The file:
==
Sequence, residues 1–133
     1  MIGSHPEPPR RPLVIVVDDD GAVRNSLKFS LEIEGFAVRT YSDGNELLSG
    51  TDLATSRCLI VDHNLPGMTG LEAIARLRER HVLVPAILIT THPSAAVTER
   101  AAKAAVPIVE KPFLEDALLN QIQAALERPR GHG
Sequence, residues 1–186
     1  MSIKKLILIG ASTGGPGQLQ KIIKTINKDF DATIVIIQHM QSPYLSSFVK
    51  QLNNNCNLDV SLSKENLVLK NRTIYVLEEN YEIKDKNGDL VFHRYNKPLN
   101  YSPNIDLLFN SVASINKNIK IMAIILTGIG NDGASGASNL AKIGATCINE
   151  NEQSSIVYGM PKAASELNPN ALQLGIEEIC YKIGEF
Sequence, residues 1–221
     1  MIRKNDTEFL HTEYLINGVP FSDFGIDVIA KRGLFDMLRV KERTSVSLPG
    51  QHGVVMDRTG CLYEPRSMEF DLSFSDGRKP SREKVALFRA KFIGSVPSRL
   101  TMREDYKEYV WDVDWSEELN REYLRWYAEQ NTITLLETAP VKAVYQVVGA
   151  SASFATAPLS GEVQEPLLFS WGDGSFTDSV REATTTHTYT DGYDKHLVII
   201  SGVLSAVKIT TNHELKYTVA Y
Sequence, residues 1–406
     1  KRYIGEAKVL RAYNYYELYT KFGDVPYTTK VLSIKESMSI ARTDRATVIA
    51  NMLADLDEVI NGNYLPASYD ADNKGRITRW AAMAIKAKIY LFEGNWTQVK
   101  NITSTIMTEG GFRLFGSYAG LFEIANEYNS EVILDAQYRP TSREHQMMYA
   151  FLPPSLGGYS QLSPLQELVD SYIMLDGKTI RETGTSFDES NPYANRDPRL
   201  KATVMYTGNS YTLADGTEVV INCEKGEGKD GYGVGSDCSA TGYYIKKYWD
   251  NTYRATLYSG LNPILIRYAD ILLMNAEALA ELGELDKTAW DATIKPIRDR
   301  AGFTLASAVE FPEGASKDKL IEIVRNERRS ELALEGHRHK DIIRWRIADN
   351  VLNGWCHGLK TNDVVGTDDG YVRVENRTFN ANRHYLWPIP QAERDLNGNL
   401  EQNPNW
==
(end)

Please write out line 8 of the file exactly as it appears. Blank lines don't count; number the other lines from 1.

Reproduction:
   101  YSPNIDLLFN SVASINKNIK IMAIILTGIG NDGASGASNL AKIGATCINE